Indian diplomats and ministries have been engaged in a behind-the-scene power struggle with China ever since the LAC standoff. What started out as a classic case of ‘backstabbing’ on the borders has transformed into a war on political and economic fronts. Although India’s strong move of banning 59 Chinese apps including TikTok and timely intervention of National Security Advisor Ajit Doval with Chinese delegates has managed to de-escalate the tension, it is time that India focuses towards decreasing dependency and catalyze indigenous efforts.
Corporate Lobbyist Deepak Talwar said, “India needs to work like a manufacturing powerhouse like China and become an integral part of the Asian supply chain. Indian companies must showcase their competence, their transparency to the world.” According to Money Control, China constitutes of 9 percent Indian export and 18 percent import, which constitutes of 70 percent electronic components, 20 percent automobile components, and chemical raw materials. This created a favorable ecosystem for India to manage the functioning of various industries, but simultaneously established a dependency which laid foundations of the Chinese dream of Asia domination. However, with Prime Minister Narendra Modi at the helm, India has set the wheel in motion for a new ecosystem.
In July, Prime Minister Narendra Modi announced the new Digital Indian AtmaNirbhar Bharat App Innovation Challenge, which is a collaborative effort from Ministry of Electronics and Information Technology, Niti Aayog, and Atal Innovation Mission. This challenge has two tracks. Track 1 focuses on identifying apps which are already in the market, but have immense potential to go commercial. On the other hand, Track 2 is dedicated to hand-pick entrepreneurs or startup ventures that can build new apps. In each category, government is offering up to Rs 20 lakh to the prospect apps and startups as an aid for research, development, and marketing.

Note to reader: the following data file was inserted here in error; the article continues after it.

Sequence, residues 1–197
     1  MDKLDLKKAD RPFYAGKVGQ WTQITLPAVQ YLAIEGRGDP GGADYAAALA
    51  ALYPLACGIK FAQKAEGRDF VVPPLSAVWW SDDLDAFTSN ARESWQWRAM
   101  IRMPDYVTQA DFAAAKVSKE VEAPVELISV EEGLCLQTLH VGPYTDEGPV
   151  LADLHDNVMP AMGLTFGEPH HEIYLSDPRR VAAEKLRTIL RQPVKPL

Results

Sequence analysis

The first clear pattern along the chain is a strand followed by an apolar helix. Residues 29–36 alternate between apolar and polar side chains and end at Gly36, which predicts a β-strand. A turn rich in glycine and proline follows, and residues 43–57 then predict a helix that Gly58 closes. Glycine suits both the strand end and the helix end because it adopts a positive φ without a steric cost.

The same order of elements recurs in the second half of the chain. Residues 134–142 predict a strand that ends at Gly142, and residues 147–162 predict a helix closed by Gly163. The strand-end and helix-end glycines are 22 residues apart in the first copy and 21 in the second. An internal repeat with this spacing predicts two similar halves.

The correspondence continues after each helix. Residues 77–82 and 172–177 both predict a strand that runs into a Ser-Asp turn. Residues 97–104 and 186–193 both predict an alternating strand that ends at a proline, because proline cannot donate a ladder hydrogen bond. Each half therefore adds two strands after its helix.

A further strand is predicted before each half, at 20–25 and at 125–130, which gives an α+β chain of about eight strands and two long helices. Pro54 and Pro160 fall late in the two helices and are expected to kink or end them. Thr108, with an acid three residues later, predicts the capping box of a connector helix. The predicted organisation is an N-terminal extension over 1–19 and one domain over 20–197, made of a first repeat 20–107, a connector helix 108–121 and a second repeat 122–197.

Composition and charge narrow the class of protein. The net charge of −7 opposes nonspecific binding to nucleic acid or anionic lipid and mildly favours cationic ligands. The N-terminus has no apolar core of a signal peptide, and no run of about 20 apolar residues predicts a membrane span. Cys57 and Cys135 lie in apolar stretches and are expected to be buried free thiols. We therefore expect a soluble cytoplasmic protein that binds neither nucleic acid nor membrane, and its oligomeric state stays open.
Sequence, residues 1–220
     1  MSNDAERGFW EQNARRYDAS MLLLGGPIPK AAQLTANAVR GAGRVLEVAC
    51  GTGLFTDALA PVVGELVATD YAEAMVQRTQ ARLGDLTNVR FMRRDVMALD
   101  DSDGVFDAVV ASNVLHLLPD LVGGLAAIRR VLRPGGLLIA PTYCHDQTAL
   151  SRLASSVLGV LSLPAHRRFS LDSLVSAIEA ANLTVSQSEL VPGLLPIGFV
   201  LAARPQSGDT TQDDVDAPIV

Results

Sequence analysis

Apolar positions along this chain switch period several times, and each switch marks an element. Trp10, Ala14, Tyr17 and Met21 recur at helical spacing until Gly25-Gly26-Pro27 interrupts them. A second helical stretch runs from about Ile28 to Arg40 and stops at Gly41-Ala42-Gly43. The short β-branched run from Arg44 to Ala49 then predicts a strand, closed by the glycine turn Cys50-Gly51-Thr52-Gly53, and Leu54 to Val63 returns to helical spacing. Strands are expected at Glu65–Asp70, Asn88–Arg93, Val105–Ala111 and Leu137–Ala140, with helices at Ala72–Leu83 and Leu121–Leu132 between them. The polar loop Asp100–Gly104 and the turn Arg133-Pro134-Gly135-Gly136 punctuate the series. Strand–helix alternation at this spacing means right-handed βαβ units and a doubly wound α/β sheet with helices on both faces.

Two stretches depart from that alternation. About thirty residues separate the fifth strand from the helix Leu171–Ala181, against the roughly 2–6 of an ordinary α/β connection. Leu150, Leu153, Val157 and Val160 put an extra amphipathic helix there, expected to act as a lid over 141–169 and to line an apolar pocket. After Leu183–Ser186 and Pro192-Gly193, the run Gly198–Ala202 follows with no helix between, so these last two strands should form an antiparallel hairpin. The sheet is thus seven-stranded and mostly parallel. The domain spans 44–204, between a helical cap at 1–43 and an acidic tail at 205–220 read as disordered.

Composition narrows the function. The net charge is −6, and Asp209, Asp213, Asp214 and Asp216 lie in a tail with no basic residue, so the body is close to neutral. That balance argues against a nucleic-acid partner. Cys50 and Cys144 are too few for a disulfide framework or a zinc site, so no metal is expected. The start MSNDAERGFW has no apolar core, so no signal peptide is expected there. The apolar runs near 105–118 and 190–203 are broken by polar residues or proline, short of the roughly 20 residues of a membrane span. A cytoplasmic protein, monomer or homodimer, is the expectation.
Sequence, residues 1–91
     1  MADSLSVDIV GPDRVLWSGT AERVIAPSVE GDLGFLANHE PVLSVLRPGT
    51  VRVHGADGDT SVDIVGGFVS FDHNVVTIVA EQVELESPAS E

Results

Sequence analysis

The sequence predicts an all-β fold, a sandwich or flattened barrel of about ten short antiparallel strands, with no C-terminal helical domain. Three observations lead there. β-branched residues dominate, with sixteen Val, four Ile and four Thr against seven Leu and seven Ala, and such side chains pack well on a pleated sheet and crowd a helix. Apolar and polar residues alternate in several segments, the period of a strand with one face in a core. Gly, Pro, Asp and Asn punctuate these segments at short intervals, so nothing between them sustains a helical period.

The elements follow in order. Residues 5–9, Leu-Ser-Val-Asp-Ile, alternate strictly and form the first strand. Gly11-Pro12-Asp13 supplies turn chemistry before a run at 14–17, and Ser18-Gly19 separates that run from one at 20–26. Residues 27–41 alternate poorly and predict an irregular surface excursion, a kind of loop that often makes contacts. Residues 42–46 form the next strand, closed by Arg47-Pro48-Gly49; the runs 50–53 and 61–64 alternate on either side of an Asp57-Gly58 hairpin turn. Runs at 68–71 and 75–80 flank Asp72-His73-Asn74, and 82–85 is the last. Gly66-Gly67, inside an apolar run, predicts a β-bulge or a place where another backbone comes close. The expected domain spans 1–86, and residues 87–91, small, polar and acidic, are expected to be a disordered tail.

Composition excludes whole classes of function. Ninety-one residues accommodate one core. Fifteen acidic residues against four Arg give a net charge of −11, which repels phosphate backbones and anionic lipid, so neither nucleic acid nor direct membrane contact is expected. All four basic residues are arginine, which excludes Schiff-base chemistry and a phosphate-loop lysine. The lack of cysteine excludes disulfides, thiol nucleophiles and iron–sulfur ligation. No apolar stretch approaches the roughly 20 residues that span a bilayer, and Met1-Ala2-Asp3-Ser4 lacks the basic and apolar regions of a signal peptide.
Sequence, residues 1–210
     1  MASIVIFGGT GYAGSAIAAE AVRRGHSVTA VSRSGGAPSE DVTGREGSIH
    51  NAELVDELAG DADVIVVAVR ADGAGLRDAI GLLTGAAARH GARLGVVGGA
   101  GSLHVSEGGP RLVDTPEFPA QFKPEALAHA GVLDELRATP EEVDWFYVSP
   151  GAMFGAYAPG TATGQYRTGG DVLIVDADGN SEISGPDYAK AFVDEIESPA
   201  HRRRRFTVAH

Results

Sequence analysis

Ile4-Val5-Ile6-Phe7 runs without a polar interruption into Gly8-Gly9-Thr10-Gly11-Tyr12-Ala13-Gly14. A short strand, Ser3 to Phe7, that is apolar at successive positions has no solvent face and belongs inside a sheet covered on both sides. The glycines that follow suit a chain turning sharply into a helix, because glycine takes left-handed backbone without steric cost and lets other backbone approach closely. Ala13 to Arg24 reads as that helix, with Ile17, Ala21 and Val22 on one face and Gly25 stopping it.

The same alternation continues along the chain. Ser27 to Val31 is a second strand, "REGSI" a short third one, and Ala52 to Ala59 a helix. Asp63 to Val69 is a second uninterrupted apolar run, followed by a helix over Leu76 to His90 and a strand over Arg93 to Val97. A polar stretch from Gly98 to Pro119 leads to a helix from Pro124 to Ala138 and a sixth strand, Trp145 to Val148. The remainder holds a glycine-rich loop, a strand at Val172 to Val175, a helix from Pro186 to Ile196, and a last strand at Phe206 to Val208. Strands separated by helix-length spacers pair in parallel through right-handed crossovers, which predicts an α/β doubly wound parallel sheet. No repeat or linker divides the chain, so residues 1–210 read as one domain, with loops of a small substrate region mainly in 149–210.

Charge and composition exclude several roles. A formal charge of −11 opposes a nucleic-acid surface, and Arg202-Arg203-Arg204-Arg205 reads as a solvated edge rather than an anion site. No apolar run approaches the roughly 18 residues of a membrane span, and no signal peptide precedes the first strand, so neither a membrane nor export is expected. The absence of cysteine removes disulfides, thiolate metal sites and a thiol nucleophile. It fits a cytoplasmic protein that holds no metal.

While this latest move is expected to fill the void created by the Chinese app ban, India also announced two major decisions in early March with reference to Pharma and Electronic industries. Union Cabinet approved production associated incentives worth Rs 40,995 crore for electronic manufacturing companies. “The scheme shall extend an incentive of 4% to 6% on incremental sales (over base year) of goods manufactured in India,” expressed Union Communications Minister Ravi Shankar Prasad. These schemes will target the 70 percent electronic component dependency on China as it focuses on promoting local manufacturers in assembly, testing, manufacturing, and other branches.
These developments echo the stance of India towards its economy and market in the Asia and global scenario. However, it is important to understand that developing a ‘China-independent’ market will take at least a decade and the same requires a balance of indigenous manufacturers and other international players. India can look towards USA, Australia, and New Zealand as potential partners to amp up trade.
India is on the right path to become a manufacturing process with a continued government support and national players meeting the standards of quality and quantity across industries. It is imperative the country realizes the gravity of the situation and joins hands so as to tip the power scales in favor of India despite the disruption caused by COVID-19 situation.